Next Generation Living Homes

Chappaquiddick is, in essence, the same island that it was on July 18, 1969—when Mary Jo Kopechne drowned in Ted Kennedy’s car. This is Massachusetts’s charm: a dedication to another-era existence. So, when John Curran directed Chappaquiddick, the film that features Jason Clarke (Kennedy) and Kate Mara (Kopechne), he decided to shoot in Massachusetts. “Going to Massachusetts to tell the story was very important to us,” he shares. “I don’t think we would’ve been able to recreate those places and get that mood and get that spirit without being there.”

The exact events around the accident are unknown—and have been unknown for decades. What is known, however, is that Kennedy was meant to drive Kopechne from a function at Sidney Lawrence’s house (which had been rented by Kennedy's cousin, Joseph Gargan) to the Chappy Ferry. However, Kennedy’s 1967 Oldsmobile was discovered with Kopechne’s body in the opposite direction—under the Dike Bridge. The accident is believed to have occurred between 11:30 P.M. on July 18, 1969, and 1 A.M. on July 19, 1969, but it was reportedly around 10 hours before Kennedy contacted the authorities.

Inside the film's replica of the Kennedy compound on Martha's Vineyard

Curran was committed to an accurate, unbiased narrative—and that included an authentic set. He and Jennifer Engel, the set decorator, collaborated to recreate a 1960s-era Massachusetts. “We were really trying to create a forgery,” shares Engel. “We saw the research and we had our graphics person just try to copy it as closely as possible. We had a scenic department that would age stuff and give it that patina that was believable.” This, for example, included old-fashioned signage for the Chappy Ferry and Dike Road.

The extensive research included the Edgartown Public Library, where they discovered an album that documented the Kennedy compound’s interiors—an effort from Rose Kennedy’s decorator, Robert Luddington. “We used that as our bible, which was fun,” says Curran. “Rose hired Robert Luddington when they got the Kennedy compound to decorate it. She had her collection of early American antiques and her love of chintz. He kept taking Polaroids of the house.”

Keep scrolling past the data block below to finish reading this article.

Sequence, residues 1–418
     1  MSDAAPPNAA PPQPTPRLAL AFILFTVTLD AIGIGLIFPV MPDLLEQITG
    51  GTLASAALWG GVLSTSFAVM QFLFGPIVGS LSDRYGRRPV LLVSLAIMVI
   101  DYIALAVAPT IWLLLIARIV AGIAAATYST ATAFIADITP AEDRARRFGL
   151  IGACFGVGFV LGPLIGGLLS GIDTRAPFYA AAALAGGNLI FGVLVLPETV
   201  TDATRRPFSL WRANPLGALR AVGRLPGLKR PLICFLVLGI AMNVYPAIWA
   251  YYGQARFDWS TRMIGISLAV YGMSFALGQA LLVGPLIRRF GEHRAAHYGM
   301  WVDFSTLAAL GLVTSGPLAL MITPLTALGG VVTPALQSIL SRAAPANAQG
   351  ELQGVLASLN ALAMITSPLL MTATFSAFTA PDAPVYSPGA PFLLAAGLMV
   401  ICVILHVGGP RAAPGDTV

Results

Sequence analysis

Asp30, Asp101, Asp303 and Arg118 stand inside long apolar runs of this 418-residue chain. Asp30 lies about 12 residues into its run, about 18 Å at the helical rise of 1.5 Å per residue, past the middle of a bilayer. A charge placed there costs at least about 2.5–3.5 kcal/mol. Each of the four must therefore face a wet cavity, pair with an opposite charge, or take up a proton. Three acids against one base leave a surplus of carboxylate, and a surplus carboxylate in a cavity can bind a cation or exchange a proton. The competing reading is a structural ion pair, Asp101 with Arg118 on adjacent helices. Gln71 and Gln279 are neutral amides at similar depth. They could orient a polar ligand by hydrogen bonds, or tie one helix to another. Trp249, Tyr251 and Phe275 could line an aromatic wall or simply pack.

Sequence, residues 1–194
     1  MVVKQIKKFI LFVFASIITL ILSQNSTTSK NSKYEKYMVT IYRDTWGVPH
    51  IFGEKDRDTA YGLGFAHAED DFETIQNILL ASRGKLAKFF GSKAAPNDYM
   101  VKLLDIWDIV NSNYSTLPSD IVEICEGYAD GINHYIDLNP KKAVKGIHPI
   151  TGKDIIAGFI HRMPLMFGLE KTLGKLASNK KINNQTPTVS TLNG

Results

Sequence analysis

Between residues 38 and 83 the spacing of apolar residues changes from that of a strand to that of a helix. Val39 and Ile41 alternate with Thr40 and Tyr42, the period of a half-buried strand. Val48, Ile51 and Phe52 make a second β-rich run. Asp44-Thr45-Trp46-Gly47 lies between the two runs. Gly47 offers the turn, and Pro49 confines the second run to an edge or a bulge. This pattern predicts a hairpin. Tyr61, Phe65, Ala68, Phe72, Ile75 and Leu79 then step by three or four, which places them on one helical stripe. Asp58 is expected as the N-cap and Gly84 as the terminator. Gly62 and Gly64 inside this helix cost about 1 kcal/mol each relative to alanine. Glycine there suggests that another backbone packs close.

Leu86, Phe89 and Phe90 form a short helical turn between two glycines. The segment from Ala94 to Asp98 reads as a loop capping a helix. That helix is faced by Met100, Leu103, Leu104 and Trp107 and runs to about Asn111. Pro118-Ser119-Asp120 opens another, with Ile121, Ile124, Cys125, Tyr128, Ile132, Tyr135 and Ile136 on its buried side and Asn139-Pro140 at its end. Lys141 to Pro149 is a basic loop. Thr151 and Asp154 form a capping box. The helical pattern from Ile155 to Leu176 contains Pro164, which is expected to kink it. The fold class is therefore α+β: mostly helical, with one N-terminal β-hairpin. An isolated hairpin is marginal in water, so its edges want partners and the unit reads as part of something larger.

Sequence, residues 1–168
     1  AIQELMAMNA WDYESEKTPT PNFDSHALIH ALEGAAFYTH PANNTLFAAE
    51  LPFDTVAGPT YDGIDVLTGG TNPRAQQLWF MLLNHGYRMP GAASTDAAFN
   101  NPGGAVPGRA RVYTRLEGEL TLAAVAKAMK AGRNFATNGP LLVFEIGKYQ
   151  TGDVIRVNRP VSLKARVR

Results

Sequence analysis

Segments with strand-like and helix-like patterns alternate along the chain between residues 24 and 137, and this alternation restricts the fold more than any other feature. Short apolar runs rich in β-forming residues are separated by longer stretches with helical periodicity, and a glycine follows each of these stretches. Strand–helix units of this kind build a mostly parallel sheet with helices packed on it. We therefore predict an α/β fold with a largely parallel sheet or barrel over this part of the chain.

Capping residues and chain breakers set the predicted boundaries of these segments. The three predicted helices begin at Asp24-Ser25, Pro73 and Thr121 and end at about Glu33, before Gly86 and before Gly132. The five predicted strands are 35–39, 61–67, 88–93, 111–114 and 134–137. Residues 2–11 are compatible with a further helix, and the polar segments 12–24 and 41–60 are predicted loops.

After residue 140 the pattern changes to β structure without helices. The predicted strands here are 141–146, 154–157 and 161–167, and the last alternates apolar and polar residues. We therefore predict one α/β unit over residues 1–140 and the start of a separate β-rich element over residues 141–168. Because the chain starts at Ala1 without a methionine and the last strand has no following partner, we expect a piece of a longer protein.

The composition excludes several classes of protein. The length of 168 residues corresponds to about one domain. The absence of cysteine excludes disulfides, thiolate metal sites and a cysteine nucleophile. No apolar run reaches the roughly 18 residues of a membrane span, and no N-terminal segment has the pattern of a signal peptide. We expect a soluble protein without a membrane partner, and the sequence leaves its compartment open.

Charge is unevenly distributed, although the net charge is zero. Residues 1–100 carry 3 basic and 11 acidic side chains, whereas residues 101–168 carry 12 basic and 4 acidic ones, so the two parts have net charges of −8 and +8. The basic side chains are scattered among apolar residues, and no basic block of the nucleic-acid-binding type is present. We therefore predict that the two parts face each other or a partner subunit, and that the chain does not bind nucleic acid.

Another room of the Kennedy compound replicated for the film.

The Kennedy compound in Hyannis, Massachusetts, which is about a two and a half hour trip from Chappaquiddick, was recreated in Beverly, Massachusetts, a coastal town that is about two hours away from the family home by car. Curran describes: “Aesthetically, we cobbled together the Kennedy compound from three different locations on the North Shore, which was amazing.” For the interiors, the chintz-like decor was sourced from JCPenny and Colonial Wallcoverings in Philadelphia, Pennsylvania, and the furniture was sourced from the Mills at Pulaski Antique Center in Peabody, Massachusetts, and Westerman Prop Warehouse in Worcester, Massachusetts.“Really trying to impersonate things based on the research took a lot of decision making out of my hands as a result," Engel says. "It was like, ‘Well, there was that weird red chair so we’re going to get a weird red chair!’”

The only scene that wasn’t filmed in Massachusetts was the the one on the Dike Bridge. The Dike Bridge—which had been a narrow, wooden construction without side barriers—was reconstructed at Baja Studios in Rosarito, Mexico (where the infamous water scenes in Titanic where filmed). For Curran, the experience was almost surreal: “Everyone was thrilled with the artifact itself and how it looked. It was a scary thing to walk on. Nowadays, there are so many laws to protect the public. You walk onto a bridge that doesn’t have any side rails of any kind and you feel so exposed and so vulnerable. It was an amazing thing to just walk across, even over an ocean tank. It was kind of crazy.”

The scenes meant to be on the Dike Bridge were shot at the same place as some of the ones as Titanic.

Claire Folger

Related: Rare Photos of the Kennedys' Virginia Estate

Next Generation Living Homes